Out: NIH bud­get cuts. In: Alzheimer’s R&D as law­mak­ers boost pro­posed ’19 spend­ing to $2.3B

The US Sen­ate is feel­ing gen­er­ous to­ward med­ical re­searchers, and that may soon trans­late in­to a big hike in spend­ing on Alzheimer’s re­search — the most frus­trat­ing field in R&D to­day.

Law­mak­ers passed a 2019 bud­get pro­pos­al on Thurs­day that gives the NIH a 5% bump in its bud­get, with an ex­tra $425 mil­lion di­rect­ed specif­i­cal­ly at Alzheimer’s. That would give the agency $2.3 bil­lion for Alzheimer’s, which the AP notes is four times as much as what the NIH spent on the mem­o­ry wast­ing dis­ease four years ago.

The added Alzheimer’s spend­ing rep­re­sents a big chunk of the $2 bil­lion sen­a­tors want to add to the NIH bud­get for fis­cal 2019. Al­to­geth­er they vot­ed 85 to 7 in sup­port of the bud­get bill.

The in­creased fed­er­al spend­ing is be­ing dri­ven by two sim­ple re­al­i­ties: The grow­ing cost of the dis­ease that af­flicts mil­lions and the ap­par­ent help­less­ness by most de­vel­op­ers to bend the course of Alzheimer’s. The steady drum­beat of clin­i­cal fail­ures over a decade-plus leaves pa­tients with no ef­fec­tive ther­a­pies while the on­ly claimed suc­cess by Bio­gen and Ei­sai has been swamped by con­tro­ver­sy and a grow­ing dis­en­chant­ment with the amy­loid be­ta the­o­ry.

Now re­searchers are go­ing ever ear­li­er in try­ing to slow or stop dis­ease pro­gres­sion, while adding new tar­gets like tau and look­ing to at­tack Alzheimer’s with com­bi­na­tion ther­a­pies. This new NIH mon­ey could pro­vide a ma­jor boost to the new think­ing in the field.

It’s not a done deal, with Sen­ate and House rep­re­sen­ta­tives slat­ed to hash out all the de­tails in up­com­ing ne­go­ti­a­tions. But it un­der­scores an im­mense amount of sup­port in con­gress for added re­search spend­ing.

“Alzheimer’s is the most ex­pen­sive dis­ease in Amer­i­ca and, with­out a break­through, by 2050 we’ll spend $1.1 tril­lion treat­ing peo­ple with Alzheimer’s each year — twice as much as the an­nu­al de­fense bud­get,” said Mis­souri Sen­a­tor Roy Blunt in a state­ment. “This bill not on­ly meets, but sur­pass­es the $2 bil­lion re­search goal of the Na­tion­al Plan to Ad­dress Alzheimer’s Dis­ease.”

BiTE® Plat­form and the Evo­lu­tion To­ward Off-The-Shelf Im­muno-On­col­o­gy Ap­proach­es

Despite rapid advances in the field of immuno-oncology that have transformed the cancer treatment landscape, many cancer patients are still left behind.1,2 Not every person has access to innovative therapies designed specifically to treat his or her disease. Many currently available immuno-oncology-based approaches and chemotherapies have brought long-term benefits to some patients — but many patients still need other therapeutic options.3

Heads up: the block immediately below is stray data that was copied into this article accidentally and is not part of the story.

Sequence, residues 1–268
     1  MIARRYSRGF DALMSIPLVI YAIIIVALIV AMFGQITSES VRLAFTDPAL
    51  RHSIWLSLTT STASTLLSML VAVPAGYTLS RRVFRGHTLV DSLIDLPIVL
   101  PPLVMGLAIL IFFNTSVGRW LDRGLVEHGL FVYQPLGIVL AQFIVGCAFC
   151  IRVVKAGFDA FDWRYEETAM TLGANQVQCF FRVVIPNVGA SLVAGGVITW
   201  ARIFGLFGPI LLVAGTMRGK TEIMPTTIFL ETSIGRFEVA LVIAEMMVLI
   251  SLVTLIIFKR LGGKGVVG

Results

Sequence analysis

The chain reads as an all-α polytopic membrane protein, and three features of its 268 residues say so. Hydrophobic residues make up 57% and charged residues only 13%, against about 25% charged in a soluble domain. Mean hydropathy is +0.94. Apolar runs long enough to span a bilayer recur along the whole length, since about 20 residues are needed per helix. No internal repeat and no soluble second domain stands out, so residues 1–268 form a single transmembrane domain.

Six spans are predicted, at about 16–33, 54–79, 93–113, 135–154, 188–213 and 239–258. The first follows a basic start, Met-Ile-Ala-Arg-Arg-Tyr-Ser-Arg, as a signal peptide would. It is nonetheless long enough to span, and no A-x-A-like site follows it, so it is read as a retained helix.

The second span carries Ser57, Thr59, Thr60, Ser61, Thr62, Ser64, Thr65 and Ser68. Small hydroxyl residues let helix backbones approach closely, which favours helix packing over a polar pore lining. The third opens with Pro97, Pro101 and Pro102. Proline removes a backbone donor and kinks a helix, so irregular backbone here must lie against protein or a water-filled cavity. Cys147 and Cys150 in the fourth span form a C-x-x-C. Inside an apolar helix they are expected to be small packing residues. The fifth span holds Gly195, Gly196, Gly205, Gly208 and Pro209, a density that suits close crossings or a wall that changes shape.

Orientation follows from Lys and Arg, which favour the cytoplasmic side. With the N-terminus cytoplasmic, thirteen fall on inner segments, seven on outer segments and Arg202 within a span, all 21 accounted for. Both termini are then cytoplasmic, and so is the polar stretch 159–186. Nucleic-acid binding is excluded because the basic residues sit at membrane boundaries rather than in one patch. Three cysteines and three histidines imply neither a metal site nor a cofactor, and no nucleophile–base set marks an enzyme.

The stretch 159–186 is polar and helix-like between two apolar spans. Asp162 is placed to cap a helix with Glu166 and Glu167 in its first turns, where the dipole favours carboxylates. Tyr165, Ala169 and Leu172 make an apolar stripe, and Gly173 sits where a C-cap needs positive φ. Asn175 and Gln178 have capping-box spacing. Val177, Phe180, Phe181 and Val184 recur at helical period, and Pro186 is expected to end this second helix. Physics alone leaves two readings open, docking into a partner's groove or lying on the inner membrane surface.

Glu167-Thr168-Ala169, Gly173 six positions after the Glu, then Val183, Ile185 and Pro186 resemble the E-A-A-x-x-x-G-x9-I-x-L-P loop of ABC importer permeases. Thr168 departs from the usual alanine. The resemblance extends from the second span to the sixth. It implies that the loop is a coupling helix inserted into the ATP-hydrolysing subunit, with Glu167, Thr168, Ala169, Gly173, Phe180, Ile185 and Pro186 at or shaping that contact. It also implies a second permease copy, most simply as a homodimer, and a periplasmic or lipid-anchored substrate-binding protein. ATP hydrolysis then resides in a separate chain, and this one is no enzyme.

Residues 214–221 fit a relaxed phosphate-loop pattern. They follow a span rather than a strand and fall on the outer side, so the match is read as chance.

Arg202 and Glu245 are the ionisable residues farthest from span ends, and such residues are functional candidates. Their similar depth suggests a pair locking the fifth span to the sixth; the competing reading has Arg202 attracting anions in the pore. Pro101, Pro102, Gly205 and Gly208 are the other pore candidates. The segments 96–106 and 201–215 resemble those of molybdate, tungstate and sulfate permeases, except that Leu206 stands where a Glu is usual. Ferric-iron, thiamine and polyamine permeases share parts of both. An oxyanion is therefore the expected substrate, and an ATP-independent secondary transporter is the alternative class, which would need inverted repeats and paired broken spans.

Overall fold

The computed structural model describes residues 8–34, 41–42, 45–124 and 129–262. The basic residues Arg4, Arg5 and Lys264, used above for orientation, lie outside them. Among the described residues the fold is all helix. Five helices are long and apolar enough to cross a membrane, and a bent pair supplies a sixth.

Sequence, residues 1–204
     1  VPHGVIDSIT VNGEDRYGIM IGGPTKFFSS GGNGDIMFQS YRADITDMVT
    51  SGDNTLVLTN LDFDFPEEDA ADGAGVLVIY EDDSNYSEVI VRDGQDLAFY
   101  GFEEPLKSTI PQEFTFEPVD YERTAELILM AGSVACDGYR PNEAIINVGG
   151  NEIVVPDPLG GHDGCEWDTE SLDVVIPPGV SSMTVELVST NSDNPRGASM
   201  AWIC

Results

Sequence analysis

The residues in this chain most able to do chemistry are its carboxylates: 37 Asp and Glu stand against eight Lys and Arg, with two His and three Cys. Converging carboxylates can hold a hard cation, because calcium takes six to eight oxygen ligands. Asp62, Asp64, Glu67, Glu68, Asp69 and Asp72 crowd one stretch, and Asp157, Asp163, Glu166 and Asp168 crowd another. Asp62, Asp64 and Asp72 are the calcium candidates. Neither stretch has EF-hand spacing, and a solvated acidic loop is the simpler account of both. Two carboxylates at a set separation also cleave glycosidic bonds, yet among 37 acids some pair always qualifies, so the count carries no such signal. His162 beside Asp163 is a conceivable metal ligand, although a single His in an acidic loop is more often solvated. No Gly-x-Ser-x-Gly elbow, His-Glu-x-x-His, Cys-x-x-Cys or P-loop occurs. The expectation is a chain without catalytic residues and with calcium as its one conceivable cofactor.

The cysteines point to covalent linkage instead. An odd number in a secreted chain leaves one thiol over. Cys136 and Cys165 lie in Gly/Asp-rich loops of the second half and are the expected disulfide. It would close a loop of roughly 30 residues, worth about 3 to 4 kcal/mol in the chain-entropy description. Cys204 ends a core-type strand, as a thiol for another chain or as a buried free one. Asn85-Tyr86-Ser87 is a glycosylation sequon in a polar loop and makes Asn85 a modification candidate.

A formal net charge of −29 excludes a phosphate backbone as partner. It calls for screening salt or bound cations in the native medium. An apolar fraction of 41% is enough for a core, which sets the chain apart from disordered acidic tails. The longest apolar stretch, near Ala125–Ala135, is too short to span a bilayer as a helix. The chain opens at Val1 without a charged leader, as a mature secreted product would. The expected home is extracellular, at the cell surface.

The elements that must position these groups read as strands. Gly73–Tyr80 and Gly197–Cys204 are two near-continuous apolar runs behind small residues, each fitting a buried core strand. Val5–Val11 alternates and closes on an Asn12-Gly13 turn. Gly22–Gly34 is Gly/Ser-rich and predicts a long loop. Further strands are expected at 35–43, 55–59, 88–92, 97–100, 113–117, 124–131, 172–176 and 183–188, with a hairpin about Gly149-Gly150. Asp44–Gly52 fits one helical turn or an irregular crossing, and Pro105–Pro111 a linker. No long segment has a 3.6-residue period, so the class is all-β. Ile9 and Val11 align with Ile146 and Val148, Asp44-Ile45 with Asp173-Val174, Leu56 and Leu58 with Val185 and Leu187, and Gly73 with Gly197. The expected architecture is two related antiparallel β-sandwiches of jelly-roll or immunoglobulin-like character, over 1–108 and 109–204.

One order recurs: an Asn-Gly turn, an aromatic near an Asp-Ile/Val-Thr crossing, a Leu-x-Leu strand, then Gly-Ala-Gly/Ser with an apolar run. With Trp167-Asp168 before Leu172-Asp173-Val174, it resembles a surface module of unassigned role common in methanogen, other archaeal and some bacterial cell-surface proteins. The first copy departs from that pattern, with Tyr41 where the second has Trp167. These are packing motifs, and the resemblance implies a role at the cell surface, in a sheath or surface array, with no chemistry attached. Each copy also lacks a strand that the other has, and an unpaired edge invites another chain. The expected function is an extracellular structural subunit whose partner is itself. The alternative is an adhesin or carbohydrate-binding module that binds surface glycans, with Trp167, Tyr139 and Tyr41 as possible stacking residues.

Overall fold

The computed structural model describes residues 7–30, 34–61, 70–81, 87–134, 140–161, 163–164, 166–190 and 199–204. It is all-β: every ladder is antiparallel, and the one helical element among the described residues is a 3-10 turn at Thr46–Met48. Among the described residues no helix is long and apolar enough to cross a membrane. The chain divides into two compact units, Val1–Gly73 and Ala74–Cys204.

Is a pow­er­house Mer­ck team prepar­ing to leap past Roche — and leave Gilead and Bris­tol My­ers be­hind — in the race to TIG­IT dom­i­na­tion?

Roche caused quite a stir at ASCO with its first look at some positive — but not so impressive — data for their combination of Tecentriq with their anti-TIGIT drug tiragolumab. But some analysts believe that Merck is positioned to make a bid — soon — for the lead in the race to a second-wave combo immuno-oncology approach with its own ambitious early-stage program tied to a dominant Keytruda.

Endpoints Premium

Premium subscription required

Unlock this article along with other benefits by subscribing to one of our paid plans.

Michael Gladstone, partner at Atlas Venture

At­las rais­es new $400M fund amid spree of VC rais­es. Here’s what they’ll spend it on

You can add another few hundred million to the now Montana-sized reservoir of cash biotech VCs have raised since the WHO declared Covid-19 a pandemic.

Atlas Venture, the prominent Kendall Square incubator, has raised $400 million for its twelfth biotech fund, their first in 3 years. After a string of mammoth new raises from other major VCs in April and May, the total pot now stands between $5 billion and $6 billion, depending on how you slice it.

Endpoints News

Keep reading Endpoints with a free subscription

Unlock this story instantly and join 83,000+ biopharma pros reading Endpoints daily — and it's free.

President Donald Trump (left) and Moncef Slaoui, head of Operation Warp Speed (Alex Brandon, AP Images)

UP­DAT­ED: White House names fi­nal­ists for Op­er­a­tion Warp Speed — with 5 ex­pect­ed names and one no­table omis­sion

A month after word first broke of the Trump Administration’s plan to rapidly accelerate the development and production of a Covid-19 vaccine, the White House has selected the five vaccine candidates they consider most likely to succeed, The New York Times reported.